At Wembley Primary we value Art and Design as an important part of children's entitlement to a broad and balance curriculum. We have therefore carefully curated our curriculum to provide our children with the opportunities to develop and extend skills as well as to be inspired, able to express their ideas and develop their interests.
Furthermore, our curriculum, which is inspired by the Chris Quigley units of work, aims to ensure knowledge and skills are committed to long term memory through a wide breath of study, developing their cultural capital and that concepts are explore in depth across a wide variety of topics. In this way, by the end of each key stage, children have long term memory of an ambitious body of procedural and semantic knowledge.
Art and Design at Wembley Primary has curriculum drivers that shape our curriculum are based upon the backgrounds of our pupils, the demographic or our school as well as our beliefs about high-quality education and our values. They are used to ensure we give our pupils appropriate yet ambitious curriculum opportunities.
One way of achieving this is through raising children's cultural capital. Developing cultural capital gives our children vital background knowledge required not only to access the curriculum, take inspiration from artists and the world around them but also to become informed and thoughtful members of our community who understand and believe in British Values.
The curriculum has been designed around the main principles that underpin all learning in art: developing ideas, mastering practical skills and taking inspiration from other artists and the world around them.
As you can see from the diagram below these are interlinked with each other, as a result we have interwoven these across all units of our curriculum. These are known as the Threshold Concepts.
Within in each unit, not only do children at Wembley Primary explore the above principles, but the develop their understanding and skills through the knowledge categories as outlined below. Each unit will have one or more of the knowledge categories, children are familiar with the language used in these and this can be seen in their art books. The knowledge categories as interwoven through the subject topics.
This final diagram demonstrates how the knowledge categories support the principles (threshold concepts) of our curriculum, and shows how children build up knowledge and skills. It is important to note that not every unit with explore every principle or knowledge categories, these are, instead, cumulative and develop across all years and key stages.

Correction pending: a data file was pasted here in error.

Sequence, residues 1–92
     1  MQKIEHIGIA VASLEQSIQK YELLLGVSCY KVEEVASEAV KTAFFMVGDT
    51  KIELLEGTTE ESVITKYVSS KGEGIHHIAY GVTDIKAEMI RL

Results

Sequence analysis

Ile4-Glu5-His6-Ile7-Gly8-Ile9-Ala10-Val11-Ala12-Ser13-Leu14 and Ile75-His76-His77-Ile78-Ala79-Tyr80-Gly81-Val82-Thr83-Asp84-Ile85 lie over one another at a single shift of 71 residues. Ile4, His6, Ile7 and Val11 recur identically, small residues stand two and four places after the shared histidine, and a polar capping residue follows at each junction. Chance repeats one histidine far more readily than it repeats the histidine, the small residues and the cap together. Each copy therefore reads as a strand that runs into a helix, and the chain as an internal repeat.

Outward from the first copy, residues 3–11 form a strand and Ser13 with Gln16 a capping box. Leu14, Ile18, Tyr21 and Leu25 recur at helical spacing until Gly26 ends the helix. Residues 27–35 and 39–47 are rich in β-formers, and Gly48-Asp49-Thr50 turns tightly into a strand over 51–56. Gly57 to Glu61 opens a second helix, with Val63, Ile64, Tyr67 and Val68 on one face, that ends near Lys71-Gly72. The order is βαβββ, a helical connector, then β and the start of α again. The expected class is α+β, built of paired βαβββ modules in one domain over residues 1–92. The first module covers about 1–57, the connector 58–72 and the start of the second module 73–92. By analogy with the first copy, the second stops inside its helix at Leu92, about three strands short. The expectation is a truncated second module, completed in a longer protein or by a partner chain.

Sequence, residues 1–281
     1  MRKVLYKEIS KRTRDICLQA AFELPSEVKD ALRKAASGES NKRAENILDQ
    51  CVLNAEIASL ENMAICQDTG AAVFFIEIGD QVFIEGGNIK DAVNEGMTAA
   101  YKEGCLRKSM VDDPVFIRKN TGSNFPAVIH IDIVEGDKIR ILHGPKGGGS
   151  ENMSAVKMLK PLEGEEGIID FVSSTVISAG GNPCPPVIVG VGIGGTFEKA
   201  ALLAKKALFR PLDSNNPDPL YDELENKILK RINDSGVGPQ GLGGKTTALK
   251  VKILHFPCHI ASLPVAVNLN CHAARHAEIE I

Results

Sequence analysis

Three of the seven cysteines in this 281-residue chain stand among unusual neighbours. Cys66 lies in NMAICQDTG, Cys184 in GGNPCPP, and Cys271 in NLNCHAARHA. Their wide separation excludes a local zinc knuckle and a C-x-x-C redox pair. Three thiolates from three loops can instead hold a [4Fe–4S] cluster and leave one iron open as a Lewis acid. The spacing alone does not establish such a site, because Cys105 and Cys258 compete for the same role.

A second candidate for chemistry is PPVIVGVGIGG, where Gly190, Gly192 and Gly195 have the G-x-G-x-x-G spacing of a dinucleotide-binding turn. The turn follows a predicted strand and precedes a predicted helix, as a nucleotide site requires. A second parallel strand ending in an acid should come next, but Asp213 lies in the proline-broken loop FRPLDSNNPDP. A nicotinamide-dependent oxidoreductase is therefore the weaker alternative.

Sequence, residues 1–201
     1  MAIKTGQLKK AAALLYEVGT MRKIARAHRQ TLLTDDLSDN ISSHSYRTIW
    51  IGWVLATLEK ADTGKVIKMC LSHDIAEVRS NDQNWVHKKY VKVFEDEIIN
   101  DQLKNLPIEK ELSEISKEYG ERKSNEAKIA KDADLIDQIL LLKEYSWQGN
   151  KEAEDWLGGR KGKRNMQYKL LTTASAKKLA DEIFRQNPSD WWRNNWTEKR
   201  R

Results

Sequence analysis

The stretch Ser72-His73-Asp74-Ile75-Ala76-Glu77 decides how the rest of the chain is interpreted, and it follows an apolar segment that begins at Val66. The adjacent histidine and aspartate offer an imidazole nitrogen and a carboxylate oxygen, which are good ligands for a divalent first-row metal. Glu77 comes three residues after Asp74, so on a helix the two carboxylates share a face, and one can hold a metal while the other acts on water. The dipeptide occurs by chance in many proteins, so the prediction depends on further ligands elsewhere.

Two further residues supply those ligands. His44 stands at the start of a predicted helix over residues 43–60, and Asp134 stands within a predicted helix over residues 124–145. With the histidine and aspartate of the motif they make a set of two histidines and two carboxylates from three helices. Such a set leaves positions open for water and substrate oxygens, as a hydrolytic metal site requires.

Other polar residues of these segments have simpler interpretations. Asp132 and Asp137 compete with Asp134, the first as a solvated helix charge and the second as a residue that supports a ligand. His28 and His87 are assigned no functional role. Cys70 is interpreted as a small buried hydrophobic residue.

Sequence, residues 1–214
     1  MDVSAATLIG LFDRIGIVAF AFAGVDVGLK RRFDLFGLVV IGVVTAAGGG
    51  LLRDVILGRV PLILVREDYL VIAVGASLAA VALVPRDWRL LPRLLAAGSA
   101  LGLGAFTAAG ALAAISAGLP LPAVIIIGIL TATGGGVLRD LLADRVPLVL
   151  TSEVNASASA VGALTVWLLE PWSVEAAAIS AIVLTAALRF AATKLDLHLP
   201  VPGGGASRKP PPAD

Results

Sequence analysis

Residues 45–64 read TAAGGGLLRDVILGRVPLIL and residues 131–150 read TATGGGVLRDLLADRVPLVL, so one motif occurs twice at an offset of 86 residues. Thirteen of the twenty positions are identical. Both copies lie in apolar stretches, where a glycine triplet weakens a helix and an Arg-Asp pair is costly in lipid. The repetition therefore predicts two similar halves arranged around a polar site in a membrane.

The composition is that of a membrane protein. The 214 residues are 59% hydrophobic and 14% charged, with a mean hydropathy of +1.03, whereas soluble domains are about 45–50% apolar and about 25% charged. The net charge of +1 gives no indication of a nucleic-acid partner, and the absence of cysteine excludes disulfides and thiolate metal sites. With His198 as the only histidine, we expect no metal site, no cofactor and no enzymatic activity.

The breadth of the curriculum, as informed by our curriculum drivers, aims to be ambitious as well as provide children with the opportunity to study the best of what has been taught and said by many generations of artists, academics and scholars. Furthermore, our curriculum distinguishes between subject topics and threshold concepts.
These relate to particular artists, areas of art and design or particular periods of art. Focussing on the subject knowledge itself.
These are the concepts that tie all of the subject topics together through meaningful schema. Simply meaning that the same concepts are explored through a wide range of topics, thus allowing children to return to the same topic over time and gradually building up a deeper understanding as well as committing concepts to their long term memory.
Within the threshold concepts there are three distinct milestones, each including relevant procedural and semantic knowledge pupils develop and progress in their skills and knowledge of art and design.
The diagram below shows how the threshold units link to the subject topics and progresses across our curriculum.
Within the threshold concepts the children will complete milestones, allowing pupils to gradually progress in their procedural fluency and semantic strength through three cognitive domains: basic, advancing and deep. The goal for pupils is to display sustained mastery at the advancing stage of understanding by the end of each milestone and for the most able to have a greater depth of understanding at the deep stage. The time-scale for sustained mastery or greater depth is, therefore, two years of study. As part of our progression model we use a different pedagogical style in each of the cognitive domains of basic, advancing and deep. This is based on the research of Sweller, Kirschner and Rosenshine who argue for direct instruction in the early stages of learning and discovery-based approaches later.
The best way to support your child in their learning is through exposure. We recommend taking your child to art galleries to view art they are interested in.
You could visit any of the following:
The Tate Modern This gallery shows a range of modern art from artists all around the world. They have different installations across the year. This will particularly support learning in year 3, 4, 5 and 6
The National Gallery Here you can see artists such as Vincent Van Gogh (although there is a whole gallery dedicated to him in Amsterdam) This will support learning in years 3, 4 and 6